The County Executive & Assembly are joined at the hip, none can survive without the other.


Andy Munyoki

8th January 2019

The County Governments Act of 2012 that gives effect to Chapter Eleven of the Constitution provides for county governments’ powers, functions and responsibilities for the delivery of services [to county residents] as well as other connected purposes.

These services are captured in the FOURTH SCHEDULE which in part 2 enumerates the functions and powers of county governments.

These functions and powers are of course shared (Not divided) amongst the executive and legislative arms of the devolved governments.

The 14 items iclude both hardware (agriculture, health,cultural activities, public works, e.t.c) and their enabler software programmes that range from county planning, trade regulations, implementation of national government policies to the coordination of citizen participation in governance.

Article 176 (1) of the constitution states clearly that the establishment of a County government consists of a County Assembly and a county executive.


These are the two siblings mandated by articles 174 and 175 to uphold and respect the objects of the devolution of government and the principles of devolved government to deliver services to citizens.

None comes out as superior and whereas the constitution has bestowed the humongous responsibility of oversight of county executives and allied organs to the assembly, County legislators are equally reminded to respect the principle of separation of powers while at it.

The principle of separation of powers is key to the operationalization of County governments.

It clearly balances the scales weighing the powers and functions of both arms in clearly stating their independence while at the same time reiterating their interdependence.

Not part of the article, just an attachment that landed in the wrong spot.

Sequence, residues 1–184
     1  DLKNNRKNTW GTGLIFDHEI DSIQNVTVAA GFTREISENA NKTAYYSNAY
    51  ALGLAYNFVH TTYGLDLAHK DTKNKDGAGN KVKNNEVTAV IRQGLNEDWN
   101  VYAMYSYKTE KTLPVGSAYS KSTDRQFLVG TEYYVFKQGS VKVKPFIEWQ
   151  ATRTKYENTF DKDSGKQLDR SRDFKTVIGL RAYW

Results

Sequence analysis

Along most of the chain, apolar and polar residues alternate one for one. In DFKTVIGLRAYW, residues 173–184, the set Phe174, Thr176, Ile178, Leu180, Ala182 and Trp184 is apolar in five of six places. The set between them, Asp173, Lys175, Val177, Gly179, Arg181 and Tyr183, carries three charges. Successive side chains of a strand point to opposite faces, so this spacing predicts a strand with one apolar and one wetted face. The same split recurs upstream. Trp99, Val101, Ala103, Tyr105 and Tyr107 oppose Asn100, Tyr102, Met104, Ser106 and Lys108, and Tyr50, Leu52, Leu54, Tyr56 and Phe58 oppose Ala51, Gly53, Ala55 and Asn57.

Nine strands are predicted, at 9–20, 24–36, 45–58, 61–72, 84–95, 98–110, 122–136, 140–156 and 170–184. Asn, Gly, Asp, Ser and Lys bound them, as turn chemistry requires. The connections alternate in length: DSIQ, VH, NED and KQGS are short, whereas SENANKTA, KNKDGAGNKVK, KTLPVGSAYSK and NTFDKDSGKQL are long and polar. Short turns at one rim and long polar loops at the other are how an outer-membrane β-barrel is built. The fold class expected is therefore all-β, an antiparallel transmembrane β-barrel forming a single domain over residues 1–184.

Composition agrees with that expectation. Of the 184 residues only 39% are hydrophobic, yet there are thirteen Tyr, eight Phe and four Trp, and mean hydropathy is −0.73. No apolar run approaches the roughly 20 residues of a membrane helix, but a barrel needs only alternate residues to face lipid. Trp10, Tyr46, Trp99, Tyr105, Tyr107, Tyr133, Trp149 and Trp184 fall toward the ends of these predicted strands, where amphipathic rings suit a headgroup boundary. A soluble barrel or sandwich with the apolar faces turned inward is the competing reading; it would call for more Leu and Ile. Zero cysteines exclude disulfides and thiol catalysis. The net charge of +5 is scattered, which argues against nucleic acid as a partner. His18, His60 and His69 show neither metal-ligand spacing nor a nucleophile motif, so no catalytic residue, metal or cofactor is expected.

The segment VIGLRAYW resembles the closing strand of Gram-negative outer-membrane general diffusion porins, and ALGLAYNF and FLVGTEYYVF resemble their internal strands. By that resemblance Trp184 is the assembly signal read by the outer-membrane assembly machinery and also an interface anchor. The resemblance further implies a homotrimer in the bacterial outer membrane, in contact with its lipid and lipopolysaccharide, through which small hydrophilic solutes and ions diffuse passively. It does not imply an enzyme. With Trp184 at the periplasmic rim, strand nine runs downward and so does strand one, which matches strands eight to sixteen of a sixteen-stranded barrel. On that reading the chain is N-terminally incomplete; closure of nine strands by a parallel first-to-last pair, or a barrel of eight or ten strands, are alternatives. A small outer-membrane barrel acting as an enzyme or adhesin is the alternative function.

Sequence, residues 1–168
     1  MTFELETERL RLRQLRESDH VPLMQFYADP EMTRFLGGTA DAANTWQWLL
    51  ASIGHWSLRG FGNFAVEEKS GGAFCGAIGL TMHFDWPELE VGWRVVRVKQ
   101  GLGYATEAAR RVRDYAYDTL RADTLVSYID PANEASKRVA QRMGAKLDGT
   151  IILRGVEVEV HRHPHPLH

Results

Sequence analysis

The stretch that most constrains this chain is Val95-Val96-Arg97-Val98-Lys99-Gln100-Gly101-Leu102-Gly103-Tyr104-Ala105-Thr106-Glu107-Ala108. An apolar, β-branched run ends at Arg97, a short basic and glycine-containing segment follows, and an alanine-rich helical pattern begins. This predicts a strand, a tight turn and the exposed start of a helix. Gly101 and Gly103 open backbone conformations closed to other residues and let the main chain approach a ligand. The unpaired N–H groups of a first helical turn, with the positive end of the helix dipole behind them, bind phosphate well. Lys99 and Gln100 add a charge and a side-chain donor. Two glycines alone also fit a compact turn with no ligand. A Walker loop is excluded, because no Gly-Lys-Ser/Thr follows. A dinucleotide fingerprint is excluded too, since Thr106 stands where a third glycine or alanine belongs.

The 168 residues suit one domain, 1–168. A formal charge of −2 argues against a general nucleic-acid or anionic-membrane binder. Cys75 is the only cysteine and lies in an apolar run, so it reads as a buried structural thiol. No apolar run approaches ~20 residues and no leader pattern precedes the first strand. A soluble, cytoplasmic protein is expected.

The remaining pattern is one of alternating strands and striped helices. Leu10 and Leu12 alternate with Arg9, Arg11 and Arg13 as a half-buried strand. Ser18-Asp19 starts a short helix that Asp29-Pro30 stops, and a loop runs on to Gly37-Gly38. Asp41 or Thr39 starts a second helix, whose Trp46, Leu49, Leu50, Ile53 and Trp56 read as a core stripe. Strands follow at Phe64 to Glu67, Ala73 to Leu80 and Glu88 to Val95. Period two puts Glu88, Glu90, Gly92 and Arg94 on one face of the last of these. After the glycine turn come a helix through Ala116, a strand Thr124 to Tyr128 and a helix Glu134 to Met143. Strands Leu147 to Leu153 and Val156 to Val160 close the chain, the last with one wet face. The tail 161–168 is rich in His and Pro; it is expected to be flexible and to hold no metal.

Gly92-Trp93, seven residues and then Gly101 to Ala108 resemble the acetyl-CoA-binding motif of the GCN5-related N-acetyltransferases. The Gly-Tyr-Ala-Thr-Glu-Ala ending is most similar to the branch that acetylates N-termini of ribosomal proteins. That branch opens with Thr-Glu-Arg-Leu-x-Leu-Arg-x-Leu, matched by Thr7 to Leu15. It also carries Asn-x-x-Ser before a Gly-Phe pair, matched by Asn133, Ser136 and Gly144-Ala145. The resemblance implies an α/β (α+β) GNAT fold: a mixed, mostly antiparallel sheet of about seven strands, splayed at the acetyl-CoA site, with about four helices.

Thus each ought to perform its functions and exercise its powers, in a manner that respects the functional and institutional integrity of the other.

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These two siblings should as a requisite for their success, assist, support and consult appropriately ( that should however happen with respect to the constitutional status and mandate of each) and in the event of any dispute, the two MUST make every reasonable effort to settle the dispute swiftly and move ahead to realize their development agenda for the sake of their publics.

A success of the County Executive is a success of the County Assembly and vice versa.

That’s what Article 185 (2) clarifies with ” A county assembly may make ANY LAWS that are necessary for, or incidental to, the effective performance of the functions and exercise of powers of the County government under the Fourth Schedule.

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( Note: the drafters of the constitution didn’t bestow the responsibility of implementation of The Fourth Schedule to one arm of the County government)

The commitment of the county executive in the implementation of the Fourth Schedule is also reiterated in Article 133 (3) which calls upon the executive to provide the County Assembly with FULL and REGULAR reports on matters relating to the County.

Thus, the executive and Assembly are like siblings crossing a road together holding hands.

They can only cross safely to the other side together, or perish on the road together.

Therefore, none can attempt bullying, threatening, intimidating or sabotaging the other In the middle of the road!

Like Siamese twins, they are joined at the hip and have no option but to (only) walk together!